There is the Garmin, pilotage, dead reckoning and now the nose. My flight was to the eastern shore of Maryland's Chesapeake Bay and a little town called Crisfield. I had read about Crisfield and thought it would be a perfect place to locate my boat for the season and fly there for mini vacations. All of the descriptions I read about Crisfield commented on the charm of a "salty" fishing village. At 500 ft a different tale was told - something missing from the descriptions. Crisfield smells. As I was circling low over the town with the vents open, it hit me and filled the cockpit.
W41 in Crisfield is a nice little airport with a very small building and a few hangars. I always seem to find the nicest people at these places and Crisfield was no exception. There was the remarkable WWII pilot of 89 years and still flying. He was really interested in the Golden Zen because " he might have to go LSA before his next medical." May we all live so well to be going LSA at 90!
Another older gentleman (note to self: start writing down these people's names) offered me a ride into town and gave me the full tour and recent history. The town was targeted by two big land developers to be gentrified into a resort community. They built two large condominium buildings on the waterfront and developed their own plan for the town's future. We drove by the two buildings now involved in bankruptcy proceedings with units available at bargain prices. "What happened - bad timing" I asked? No, it seems the townsfolk didn't like the idea of these developers controlling their town. They voted out the politicians that let them in and the anti-growth politicians wouldn't support the infrastructure needed to further the development. Now there are two pristine buildings standing bankrupt and empty on the waterfront among the remaining few commercial concerns downtown and the smell.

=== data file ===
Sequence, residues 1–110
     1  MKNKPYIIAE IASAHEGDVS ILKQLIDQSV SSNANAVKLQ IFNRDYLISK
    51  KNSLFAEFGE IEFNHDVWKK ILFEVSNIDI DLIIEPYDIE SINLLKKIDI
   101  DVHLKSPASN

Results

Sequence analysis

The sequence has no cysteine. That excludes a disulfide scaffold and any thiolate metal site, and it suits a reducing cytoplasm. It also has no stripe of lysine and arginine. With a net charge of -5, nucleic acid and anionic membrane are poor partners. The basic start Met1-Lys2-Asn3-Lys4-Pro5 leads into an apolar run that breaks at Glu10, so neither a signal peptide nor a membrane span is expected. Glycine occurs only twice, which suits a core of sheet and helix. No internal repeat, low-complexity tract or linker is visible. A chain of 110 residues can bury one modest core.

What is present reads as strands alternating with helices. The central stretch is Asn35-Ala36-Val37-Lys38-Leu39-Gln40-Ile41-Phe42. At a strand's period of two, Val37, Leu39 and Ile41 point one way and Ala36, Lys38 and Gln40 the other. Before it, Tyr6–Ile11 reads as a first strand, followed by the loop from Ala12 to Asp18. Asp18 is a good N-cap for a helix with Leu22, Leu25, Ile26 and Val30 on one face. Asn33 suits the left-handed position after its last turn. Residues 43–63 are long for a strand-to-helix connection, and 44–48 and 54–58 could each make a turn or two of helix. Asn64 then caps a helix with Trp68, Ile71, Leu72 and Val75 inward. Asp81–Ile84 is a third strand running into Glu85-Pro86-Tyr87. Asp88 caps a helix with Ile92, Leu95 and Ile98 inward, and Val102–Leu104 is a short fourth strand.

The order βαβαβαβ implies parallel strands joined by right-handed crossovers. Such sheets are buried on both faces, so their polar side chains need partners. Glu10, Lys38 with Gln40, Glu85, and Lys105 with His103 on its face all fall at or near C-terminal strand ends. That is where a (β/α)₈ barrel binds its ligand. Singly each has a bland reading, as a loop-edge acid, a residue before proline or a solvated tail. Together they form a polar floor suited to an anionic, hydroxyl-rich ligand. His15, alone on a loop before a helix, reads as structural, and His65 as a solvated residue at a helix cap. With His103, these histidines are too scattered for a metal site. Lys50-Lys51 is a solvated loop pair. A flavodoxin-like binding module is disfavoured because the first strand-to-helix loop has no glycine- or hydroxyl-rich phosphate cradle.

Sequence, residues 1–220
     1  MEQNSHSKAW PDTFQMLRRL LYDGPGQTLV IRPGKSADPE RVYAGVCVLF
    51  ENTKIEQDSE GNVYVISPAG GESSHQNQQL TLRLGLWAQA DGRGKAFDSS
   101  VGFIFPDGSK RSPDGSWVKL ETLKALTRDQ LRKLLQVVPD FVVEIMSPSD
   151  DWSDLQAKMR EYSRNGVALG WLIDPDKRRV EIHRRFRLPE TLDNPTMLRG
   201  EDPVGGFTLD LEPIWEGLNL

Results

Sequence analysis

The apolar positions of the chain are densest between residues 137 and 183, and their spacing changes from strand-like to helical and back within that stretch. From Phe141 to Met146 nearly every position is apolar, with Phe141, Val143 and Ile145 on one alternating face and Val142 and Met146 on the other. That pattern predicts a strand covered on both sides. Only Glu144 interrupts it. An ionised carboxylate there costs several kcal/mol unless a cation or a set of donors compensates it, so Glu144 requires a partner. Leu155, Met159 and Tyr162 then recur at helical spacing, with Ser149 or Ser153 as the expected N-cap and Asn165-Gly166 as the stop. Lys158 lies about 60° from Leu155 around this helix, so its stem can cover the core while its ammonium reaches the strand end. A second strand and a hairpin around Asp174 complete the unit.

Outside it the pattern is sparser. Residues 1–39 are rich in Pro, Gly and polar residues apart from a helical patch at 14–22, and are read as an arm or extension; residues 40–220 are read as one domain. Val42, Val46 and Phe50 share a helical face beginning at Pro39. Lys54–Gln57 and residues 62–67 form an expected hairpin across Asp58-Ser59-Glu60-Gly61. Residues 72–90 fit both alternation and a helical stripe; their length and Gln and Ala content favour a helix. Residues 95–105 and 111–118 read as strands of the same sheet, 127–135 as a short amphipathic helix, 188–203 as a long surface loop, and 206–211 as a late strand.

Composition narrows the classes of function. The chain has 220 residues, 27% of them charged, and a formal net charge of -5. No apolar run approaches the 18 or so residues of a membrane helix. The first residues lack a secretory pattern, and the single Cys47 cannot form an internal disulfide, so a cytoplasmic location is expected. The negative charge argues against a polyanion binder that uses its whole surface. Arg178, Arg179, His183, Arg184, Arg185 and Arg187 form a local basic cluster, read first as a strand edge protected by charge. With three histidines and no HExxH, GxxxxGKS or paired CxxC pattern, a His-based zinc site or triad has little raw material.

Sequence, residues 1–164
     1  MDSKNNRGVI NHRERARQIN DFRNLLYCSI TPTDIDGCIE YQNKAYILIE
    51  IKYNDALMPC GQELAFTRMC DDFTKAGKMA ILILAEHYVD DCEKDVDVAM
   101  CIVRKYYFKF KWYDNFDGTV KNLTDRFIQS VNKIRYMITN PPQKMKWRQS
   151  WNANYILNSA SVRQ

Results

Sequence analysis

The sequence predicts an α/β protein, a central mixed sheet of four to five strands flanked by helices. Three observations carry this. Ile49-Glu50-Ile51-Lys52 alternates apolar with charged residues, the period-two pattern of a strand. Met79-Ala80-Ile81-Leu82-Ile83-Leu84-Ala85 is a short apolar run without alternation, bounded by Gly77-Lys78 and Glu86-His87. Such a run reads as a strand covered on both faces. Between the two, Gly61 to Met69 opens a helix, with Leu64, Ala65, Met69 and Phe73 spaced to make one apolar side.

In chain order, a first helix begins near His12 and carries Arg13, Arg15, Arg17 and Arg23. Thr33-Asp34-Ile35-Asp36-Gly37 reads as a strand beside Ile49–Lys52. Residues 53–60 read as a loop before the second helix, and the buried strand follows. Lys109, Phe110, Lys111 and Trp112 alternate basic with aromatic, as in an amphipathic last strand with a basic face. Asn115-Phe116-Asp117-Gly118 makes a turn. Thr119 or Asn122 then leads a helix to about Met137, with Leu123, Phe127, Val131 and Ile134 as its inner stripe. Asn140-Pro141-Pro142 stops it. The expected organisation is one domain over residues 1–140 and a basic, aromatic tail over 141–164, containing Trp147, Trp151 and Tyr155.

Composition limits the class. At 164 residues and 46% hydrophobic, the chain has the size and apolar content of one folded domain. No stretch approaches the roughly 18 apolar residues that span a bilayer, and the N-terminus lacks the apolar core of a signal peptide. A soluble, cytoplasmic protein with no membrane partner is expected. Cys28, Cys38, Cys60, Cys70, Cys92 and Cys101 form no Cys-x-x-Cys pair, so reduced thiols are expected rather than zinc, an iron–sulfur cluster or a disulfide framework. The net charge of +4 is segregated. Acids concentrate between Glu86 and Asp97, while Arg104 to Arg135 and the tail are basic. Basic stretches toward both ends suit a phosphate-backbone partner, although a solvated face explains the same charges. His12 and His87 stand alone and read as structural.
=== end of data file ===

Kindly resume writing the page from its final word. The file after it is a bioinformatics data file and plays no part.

Driving back through town we passed a local lunch spot favored by the watermen. Gathered in front were a collection of the toughest, most weathered humans I have ever seen. They didn't want retirees and tourists in their town.
I finally asked when we returned to the airport, "uh, what is that smell?" " It is chicken manure" said my host. The main industry besides plying the waters is raising chicken for Perdue and Tyson. "Does it always smell like this?" "You get used to it."
My conclusion: the watermen would rather tolerate chicken manure than the likes of me and my boat! I think I will be docking elsewhere.